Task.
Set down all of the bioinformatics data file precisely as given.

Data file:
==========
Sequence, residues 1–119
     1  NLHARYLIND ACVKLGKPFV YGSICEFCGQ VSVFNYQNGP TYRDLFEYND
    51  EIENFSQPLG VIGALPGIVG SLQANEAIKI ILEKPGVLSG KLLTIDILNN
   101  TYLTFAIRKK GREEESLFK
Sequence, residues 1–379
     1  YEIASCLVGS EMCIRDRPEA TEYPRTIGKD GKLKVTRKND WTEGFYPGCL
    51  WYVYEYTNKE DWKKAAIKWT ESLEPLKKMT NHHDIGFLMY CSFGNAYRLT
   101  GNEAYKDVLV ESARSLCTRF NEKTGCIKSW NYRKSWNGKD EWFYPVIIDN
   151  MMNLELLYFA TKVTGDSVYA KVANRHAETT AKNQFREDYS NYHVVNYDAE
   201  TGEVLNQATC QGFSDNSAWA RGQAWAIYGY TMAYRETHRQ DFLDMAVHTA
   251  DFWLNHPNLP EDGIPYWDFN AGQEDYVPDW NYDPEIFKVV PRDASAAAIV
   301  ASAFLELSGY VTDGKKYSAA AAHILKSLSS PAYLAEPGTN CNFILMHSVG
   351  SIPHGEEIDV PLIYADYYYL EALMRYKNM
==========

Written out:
Sequence, residues 1–119
     1  NLHARYLIND ACVKLGKPFV YGSICEFCGQ VSVFNYQNGP TYRDLFEYND
    51  EIENFSQPLG VIGALPGIVG SLQANEAIKI ILEKPGVLSG KLLTIDILNN
   101  TYLTFAIRKK GREEESLFK
Sequence, residues 1–379
     1  YEIASCLVGS EMCIRDRPEA TEYPRTIGKD GKLKVTRKND WTEGFYPGCL
    51  WYVYEYTNKE DWKKAAIKWT ESLEPLKKMT NHHDIGFLMY CSFGNAYRLT
   101  GNEAYKDVLV ESARSLCTRF NEKTGCIKSW NYRKSWNGKD EWFYPVIIDN
   151  MMNLELLYFA TKVTGDSVYA KVANRHAETT AKNQFREDYS NYHVVNYDAE
   201  TGEVLNQATC QGFSDNSAWA RGQAWAIYGY TMAYRETHRQ DFLDMAVHTA
   251  DFWLNHPNLP EDGIPYWDFN AGQEDYVPDW NYDPEIFKVV PRDASAAAIV
   301  ASAFLELSGY VTDGKKYSAA AAHILKSLSS PAYLAEPGTN CNFILMHSVG
   351  SIPHGEEIDV PLIYADYYYL EALMRYKNM